How many times have you seen a young adult rolling their eyes at someone’s lack of knowledge of texting and the frills attached to textspeak? You are either on the millennial side of the spectrum, showing off your badass emoji game or someone who is still grappling with the ever increasing set of emojis and their existence in general.
Whichever way you view the whole emoji trend, there is no escaping the plethora of facial expressions that get passed around every single day. We especially love the one with a long, toothy grimace that exactly captures our mood when we are late to work, have missed out on a deadline or are simply desiring to scream ‘Yikes, my bad’.
These pixel sized cute icons not only decide how the reader perceives a message, it also helps to communicate better on text, sometimes. Imagine writing “I tripped on my way to work and fell flat on the face,” without a laughing-so-hard-that-tears-pour-out or a crying emoji (😂). Should the reader be amused at your slip-up or extending sympathy, it could get really confusing!
Incidentally, emoji first appeared in the mobile phone devices in Japan in the 90s, in an effort to express emotions in a plain text communication. The credit of creating the first emoji goes to Japanese artist Shigetaka Kurita. His original artwork of 176 emoji is part of a collection at Museum of Modern Art in New York.
So, on World Emoji Day, we decided to put together a few ways that will help you up your emoji game and add personality to the written word.
What’s Your Current
State of Mind?
Using a red heart (❤️) emoji for love and a yellow one (💛) for friendship is something most of us are aware of, but what do the other colours really denote? How does one get down to finding an emoji that conveys exactly what one feels? It’s not so complicated.
While most of the facial expressions are self-explanatory, there exist a few that can bewilder the best of us. With extensive representations of flora, fauna, foods travel, sports and more, one could have an entire conversation just using these emojis and no words at all. All you have to do is know your exact mood at the moment, it could be a fleeting thought or a raging emotion; knowing what you wish to convey will organically lead you to choose the right emoji.
All we are saying is, no need to intellectualise it, the best way to play the emoji game is to go with the flow and have fun with it. This might be an inside secret, but not always does one have to make sense when it comes to these non-verbal clues. You could send a couple of cute animal emojis back-to-back, without any logic behind it and it wouldn’t really be out of place.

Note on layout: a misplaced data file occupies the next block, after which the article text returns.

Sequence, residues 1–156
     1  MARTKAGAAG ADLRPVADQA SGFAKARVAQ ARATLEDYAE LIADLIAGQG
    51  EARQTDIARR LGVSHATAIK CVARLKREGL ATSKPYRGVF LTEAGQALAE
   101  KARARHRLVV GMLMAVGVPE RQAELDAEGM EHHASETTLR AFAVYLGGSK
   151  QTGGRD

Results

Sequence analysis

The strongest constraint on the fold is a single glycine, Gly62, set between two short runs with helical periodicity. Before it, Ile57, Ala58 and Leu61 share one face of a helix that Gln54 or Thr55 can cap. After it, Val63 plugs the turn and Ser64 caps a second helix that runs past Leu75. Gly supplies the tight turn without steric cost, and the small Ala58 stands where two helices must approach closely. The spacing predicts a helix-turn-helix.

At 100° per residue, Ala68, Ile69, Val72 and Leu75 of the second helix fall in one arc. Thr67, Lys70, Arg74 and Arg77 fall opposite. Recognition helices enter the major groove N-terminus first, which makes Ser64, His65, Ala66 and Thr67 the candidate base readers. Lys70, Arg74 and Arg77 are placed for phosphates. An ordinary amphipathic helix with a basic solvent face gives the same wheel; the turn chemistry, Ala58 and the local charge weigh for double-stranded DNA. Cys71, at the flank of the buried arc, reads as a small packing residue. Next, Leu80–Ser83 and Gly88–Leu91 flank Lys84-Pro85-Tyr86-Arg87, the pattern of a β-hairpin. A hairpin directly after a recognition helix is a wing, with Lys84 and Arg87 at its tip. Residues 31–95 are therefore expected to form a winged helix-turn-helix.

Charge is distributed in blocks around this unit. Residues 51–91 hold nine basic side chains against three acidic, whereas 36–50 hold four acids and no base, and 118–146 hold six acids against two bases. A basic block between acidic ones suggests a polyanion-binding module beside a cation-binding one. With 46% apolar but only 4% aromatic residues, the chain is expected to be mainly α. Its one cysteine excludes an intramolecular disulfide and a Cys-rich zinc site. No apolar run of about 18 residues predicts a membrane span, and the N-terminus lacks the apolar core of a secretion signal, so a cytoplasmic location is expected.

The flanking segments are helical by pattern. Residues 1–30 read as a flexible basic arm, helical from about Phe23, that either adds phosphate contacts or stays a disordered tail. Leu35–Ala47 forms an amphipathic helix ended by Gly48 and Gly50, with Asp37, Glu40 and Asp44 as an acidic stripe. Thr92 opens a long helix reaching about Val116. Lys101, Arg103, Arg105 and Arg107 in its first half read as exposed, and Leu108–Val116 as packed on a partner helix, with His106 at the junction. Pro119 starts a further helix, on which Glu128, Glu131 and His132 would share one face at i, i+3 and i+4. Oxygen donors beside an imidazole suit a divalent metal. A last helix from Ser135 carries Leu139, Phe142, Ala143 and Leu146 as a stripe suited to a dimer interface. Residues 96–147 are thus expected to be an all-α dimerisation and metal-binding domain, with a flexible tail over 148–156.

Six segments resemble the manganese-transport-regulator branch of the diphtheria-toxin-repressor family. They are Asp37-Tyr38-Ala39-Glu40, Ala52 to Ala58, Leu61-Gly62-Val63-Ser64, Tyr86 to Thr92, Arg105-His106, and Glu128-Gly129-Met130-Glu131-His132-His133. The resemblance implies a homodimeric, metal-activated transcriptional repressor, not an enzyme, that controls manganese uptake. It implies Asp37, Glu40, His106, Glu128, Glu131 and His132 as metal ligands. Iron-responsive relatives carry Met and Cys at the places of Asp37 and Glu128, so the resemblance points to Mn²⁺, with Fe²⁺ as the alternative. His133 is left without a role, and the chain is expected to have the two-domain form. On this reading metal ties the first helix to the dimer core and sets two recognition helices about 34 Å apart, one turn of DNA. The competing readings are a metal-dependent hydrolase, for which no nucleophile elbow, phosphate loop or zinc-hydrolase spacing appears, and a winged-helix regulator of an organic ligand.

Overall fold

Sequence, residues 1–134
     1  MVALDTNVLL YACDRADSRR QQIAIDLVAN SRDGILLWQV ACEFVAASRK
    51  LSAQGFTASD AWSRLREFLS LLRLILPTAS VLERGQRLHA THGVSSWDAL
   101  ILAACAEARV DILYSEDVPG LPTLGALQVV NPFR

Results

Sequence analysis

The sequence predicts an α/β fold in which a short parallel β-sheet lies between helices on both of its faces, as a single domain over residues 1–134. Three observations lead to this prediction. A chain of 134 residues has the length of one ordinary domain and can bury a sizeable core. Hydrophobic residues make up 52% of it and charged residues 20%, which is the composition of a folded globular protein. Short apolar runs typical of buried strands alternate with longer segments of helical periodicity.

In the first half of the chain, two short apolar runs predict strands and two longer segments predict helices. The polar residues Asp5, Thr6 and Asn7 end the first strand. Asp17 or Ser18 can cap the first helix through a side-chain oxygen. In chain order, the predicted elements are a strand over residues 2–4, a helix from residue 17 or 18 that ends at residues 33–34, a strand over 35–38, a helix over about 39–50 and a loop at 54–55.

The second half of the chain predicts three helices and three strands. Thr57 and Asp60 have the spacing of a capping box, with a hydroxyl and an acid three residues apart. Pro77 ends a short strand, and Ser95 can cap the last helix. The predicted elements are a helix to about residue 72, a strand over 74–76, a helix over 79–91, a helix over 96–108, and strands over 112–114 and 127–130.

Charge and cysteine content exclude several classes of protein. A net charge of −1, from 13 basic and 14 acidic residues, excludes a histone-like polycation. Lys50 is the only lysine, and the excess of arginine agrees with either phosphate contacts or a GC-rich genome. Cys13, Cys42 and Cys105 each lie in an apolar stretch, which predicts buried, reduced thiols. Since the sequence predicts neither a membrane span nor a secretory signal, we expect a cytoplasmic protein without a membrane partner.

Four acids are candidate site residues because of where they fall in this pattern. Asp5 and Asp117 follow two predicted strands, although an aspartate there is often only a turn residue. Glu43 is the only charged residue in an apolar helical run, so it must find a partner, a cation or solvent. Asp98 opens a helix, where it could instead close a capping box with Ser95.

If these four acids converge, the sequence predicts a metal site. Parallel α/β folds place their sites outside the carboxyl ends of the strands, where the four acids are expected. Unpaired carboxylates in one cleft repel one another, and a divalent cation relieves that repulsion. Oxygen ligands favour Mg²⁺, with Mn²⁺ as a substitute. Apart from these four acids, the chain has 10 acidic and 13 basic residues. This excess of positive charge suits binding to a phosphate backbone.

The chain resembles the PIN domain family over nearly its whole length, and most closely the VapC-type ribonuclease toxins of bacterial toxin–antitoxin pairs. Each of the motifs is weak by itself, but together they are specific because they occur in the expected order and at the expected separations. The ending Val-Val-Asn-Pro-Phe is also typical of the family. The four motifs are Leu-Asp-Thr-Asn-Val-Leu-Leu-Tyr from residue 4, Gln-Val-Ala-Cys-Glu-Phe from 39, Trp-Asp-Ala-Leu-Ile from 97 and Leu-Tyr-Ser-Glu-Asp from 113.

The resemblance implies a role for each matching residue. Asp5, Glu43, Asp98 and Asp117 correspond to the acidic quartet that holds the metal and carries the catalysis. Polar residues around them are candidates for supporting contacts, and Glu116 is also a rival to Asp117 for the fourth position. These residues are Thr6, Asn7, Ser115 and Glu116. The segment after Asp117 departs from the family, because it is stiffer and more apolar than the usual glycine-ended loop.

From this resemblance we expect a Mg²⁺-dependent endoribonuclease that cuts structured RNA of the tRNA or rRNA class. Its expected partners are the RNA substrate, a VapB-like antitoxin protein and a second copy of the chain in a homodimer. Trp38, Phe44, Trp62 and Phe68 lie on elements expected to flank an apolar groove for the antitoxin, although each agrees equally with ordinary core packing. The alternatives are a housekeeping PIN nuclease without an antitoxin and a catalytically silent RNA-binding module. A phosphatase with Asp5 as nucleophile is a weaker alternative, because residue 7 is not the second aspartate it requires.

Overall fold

Will an Emoji Convey
Your Expression Better?
The angry (😠) emoji can convey your frustration beautifully but the fact that you have the headspace to use an emoji further downplays the frustration you are trying to portray. So, the coin has two sides. Sending a quick heart can ease the intensity of the conversation but could also make things awkward if you don’t really know the person. Adding a birthday cake (🎂) emoji or the balloon (🎈) to a generic Happy Birthday text can amp up the emotion and make the conversation more affectionate and personal. Using correct emojis comes with a bit of practice and keeping it simple and coherent is the best way to start.
According to the World Economic Forum, “Face with tears of joy” remains the most popular emoji used on Twitter, according to emojitracker, followed by smirking face' and 'flushed face'. On Instagram, the heart is the most popular icon."
So, How much is Too
It can be exhausting to be at the receiving end of excessive emojis. The best way to filter your emoji usage is to keep it minimal. Adding an emoji for every sentence or every emotion you feel is unnecessary and will slowly render your emoji usage as redundant. Policing yourself when you are texting will make you realise the real need of an emoji in a conversation and help you stop yourself from going overboard with these tiny attractive temptations.
Also Read: Unstereotyping-Accept Your Own Reality
From the time we got introduced to emojis, inclusiveness and representation has come a long way. In February 2019, Unicode Consortium, introduced 59 new emojis! With 171 variants for gender and skin tone, this makes a total of 230 emoji including variants. The aim this year was to make these emojis more inclusive and gender neutral, hence the inclusion of wheelchair, a guide dog, an oyster and even a flamingo. There is also a sari, an autorickshaw, a diya, a Hindu temple and more region centric iconography. Communicating through these icons in today’s world is far easier than ever before.
Food lovers were in a tizzy with new food emojis scheduled for 2019, especially the 'golden waffle with a pat of butter’ emoji. It was created by Jay Peters and in his proposal to Unicode he quoted: “I do not know of any emoji in Unicode or any other system that is a WAFFLE. There are the similar flour-based breakfast-themed foods of PANCAKES, BAGEL, CROISSANT, and BAGUETTE BREAD, unique opportunity to create a WAFFLE emoji that represents a globally popular breakfast food. WAFFLE could also have other purposes that I detail below.” Other food emojis to join your phone's keypad are juice box, onion, garlic, falafel, ice cube, oyster, butter and mate (South American caffeine-rich drink).
“As always, some of the most vocal requests for new
emojis are about representation, and this update delivers some of the most
common requests. In particular the redheads and curly-haired options are likely
to be popular,” CNN quoted Jeremy Burge (the creator of World Emoji Day) as
Featured image: Shutterstock.com
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